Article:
epa08189802 Tedros Adhanom Ghebreyesus, Director General of the World Health Organization (WHO), adresses his statement, during the 146th session of the World Health Organization Executive Board, at the World Health Organization (WHO) headquarters in Geneva, Switzerland, 03 February 2020. EPA/SALVATORE DI NOLFI

The WHO has not labelled coronavirus a plague and the virus has not killed 75,000 people

AAP FactCheck February 4, 2020

The Statement

As cases of the 2019 Novel Coronavirus continue to climb, information on the number of people infected and the World Health Organisation’s (WHO) response to the outbreak continues to spread on social media. 

An Instagram post from January 31, 2020 features a claim that WHO has called the coronavirus ÔÇ£a plague and it has infected an estimated 340,000 people in China and killed 75,000.

The post’s text reads, ÔÇ£BREAKING: World Health Organization officially declares the Coronavirus as a plague, as [sic] estimated 340,000 people are infected in China and 75,000 deadÔÇØ. The text is overlaid onto an image of an intravenous drip bottle hanging from a stand. 

The post has been viewed more than 30,000 times and has attracted more than 1700 likes and 100 comments.

An Instagram post inflates infection and death numbers from the coronavirus outbreak and falsely claims the World Health Organisation has declared the disease “a plague”.

The Analysis

The 2019 novel coronavirus (2019-nCoV) was first detected in the Chinese city of Wuhan in December 2019. It is a new strain in the coronavirus family – a group of viruses which also the SARS and MERS respiratory infections. Coronaviruses can be transmitted between animals and humans.

According to the WHO, plague is a specific infectious disease caused by a bacteria called Yersinia pestis. The bacteria is usually found in small mammals and their fleas and can be transmitted between animals and humans by the bite of infected fleas, direct contact with infected tissue or inhalation of infected respiratory droplets.

Professor Basil Donovan, an expert on infectious diseases at the University of NSW Faculty of Medicine, told AAP FactCheck the word ÔÇ£plagueÔÇØ could also mean a very large outbreak or an epidemic.

WHO Director-General Tedros Adhanom Ghebreyesus said the 2019 coronavirus outbreak is a public health emergency.

ÔÇ£It’s not a formally defined term. The trouble with wordplay, it’s got an emotional overlay. It has no meaning in medicine,ÔÇØ Professor Donovan said. 

ÔÇ£It’s not a scientific term. It’s good for clickbait. It doesn’t add any meaning to anything.ÔÇØ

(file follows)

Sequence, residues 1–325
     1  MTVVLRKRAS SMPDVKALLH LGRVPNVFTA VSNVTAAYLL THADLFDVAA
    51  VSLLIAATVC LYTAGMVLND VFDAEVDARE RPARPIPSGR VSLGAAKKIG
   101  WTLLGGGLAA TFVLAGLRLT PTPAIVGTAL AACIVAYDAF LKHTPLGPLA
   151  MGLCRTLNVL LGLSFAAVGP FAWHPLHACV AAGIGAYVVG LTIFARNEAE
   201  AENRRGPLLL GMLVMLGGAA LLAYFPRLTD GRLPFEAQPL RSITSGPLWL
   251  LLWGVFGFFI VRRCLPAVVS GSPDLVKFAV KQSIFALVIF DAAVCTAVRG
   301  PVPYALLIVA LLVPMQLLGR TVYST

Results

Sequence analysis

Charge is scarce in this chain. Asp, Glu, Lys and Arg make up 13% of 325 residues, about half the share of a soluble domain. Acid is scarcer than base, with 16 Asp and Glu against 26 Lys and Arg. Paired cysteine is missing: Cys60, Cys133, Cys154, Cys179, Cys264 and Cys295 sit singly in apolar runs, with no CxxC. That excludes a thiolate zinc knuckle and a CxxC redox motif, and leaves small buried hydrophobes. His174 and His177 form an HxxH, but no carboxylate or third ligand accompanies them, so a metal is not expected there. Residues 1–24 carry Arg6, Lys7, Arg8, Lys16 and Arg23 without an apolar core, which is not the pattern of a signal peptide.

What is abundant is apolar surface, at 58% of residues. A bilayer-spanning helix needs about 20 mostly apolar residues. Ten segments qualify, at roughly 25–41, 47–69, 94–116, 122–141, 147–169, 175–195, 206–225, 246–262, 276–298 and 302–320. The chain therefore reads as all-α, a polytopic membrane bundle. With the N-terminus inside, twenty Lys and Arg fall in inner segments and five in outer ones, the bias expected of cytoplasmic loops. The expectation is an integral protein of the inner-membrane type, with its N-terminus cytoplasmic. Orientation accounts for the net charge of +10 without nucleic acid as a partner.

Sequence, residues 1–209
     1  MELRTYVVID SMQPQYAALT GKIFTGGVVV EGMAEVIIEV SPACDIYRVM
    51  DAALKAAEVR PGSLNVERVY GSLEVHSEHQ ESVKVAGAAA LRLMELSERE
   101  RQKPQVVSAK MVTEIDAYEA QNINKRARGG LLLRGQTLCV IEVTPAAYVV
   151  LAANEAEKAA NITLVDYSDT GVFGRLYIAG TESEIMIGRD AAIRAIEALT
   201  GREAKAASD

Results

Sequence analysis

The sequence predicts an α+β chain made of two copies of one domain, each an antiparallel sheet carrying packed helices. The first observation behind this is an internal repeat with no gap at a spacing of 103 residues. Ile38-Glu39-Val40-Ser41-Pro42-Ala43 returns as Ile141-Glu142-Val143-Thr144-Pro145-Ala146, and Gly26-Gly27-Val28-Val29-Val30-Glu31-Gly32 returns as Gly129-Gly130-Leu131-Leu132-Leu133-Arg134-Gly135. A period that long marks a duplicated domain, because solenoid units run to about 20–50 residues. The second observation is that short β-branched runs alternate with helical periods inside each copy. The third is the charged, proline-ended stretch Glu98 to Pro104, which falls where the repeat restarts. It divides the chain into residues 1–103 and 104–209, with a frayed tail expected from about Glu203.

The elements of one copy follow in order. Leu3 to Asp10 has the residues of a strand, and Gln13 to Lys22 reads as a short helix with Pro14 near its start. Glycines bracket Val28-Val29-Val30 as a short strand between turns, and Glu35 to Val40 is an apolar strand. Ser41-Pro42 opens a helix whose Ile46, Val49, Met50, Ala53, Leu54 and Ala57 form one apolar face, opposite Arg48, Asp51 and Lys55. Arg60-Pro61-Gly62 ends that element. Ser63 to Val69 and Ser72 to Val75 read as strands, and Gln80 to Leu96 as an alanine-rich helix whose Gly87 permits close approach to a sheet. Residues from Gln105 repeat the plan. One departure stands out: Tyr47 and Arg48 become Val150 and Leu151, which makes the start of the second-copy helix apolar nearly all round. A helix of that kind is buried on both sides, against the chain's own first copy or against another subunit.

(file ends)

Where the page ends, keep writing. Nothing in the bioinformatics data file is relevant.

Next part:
On January 30, 2020, the WHO convened its Emergency Committee to declare a Public Health Emergency of International Concern (PHEIC) over the global outbreak of the 2019 novel coronavirus. 

The declaration of a PHEIC by the WHO signifies ÔÇ£an extraordinary eventÔÇØ that requires a coordinated international response.

WHO Director-General Dr Tedros Adhanom Ghebreyesus said the main reason for the declaration is ÔÇ£not because of what is happening in China but because of what is happening in other countriesÔÇØ.

ÔÇ£Our greatest concern is the potential for the virus to spread to countries with weaker health systems and which are ill prepared to deal with this,ÔÇØ he said.

The post also claims 340,000 people are infected and 75,000 people have been killed by the coronavirus in China. 

According to the latest WHO coronavirus update on February 3, 2020, there have been  17,391 confirmed cases globally with 17,238 confirmed cases in China.

The WHO have also confirmed 361 deaths from the coronavirus outbreak within China and one death outside China, in the Philippines. 

The latest figures from the National Health Commission of the People’s Republic of China (NHC) reported at 3am (AEST) on February 4, 2020 that 20,438 cases had been confirmed in the country. (use English translation)

According to the Wuhan Coronavirus Global Cases reporting tool created by Johns Hopkins University’s Center for Systems Science and Engineering, the tally of confirmed cases on mainland China stood at 20,001 with 426 confirmed deaths as of 12pm (AEST) February 4, 2020. 

All three sources put the total tally for people infected in China well under the figure of 340,000 claimed in the Instagram post. 

The Instagram user who posted the January 31 post shared an identical image on January 29, 2020, with that post’s caption including the word, ÔÇ£CapÔÇØ. According to dictionary.com’s slang dictionary, “cap” comes from the slang expression ÔÇ£no capÔÇØ which means ÔÇ£no lieÔÇØ or ÔÇ£for realÔÇØ to ÔÇ£emphasise someone is not exaggerating about something hard to believeÔÇØ. 

Urban Dictionary also defines ÔÇ£That’s capÔÇØ as a term used for when someone’s actions are ÔÇ£unexceptionalÔÇØ or ÔÇ£fakeÔÇØ.

The original post appears to have been posted on a Twitter account. AAP FactCheck searched Twitter using the Advanced Search tool for the phrase but could not locate the original tweet.

The Verdict

Based on the evidence, AAP FactCheck found the Instagram post to be false. While the WHO has declared the 2019 coronavirus outbreak as a Public Health Emergency of International Concern, it has not deemed the outbreak as a ÔÇ£plagueÔÇØ. Also the number of infections and deaths globally are far below the numbers claimed in the post. Although the Instagram user labelled the claim in their first upload with ÔÇ£capÔÇØ, potentially indicating the post was false, many users appear unaware the post contains false information.

False – The primary claims of the content are factually inaccurate. 

First published February 4, 2020, 16:55 AEDT

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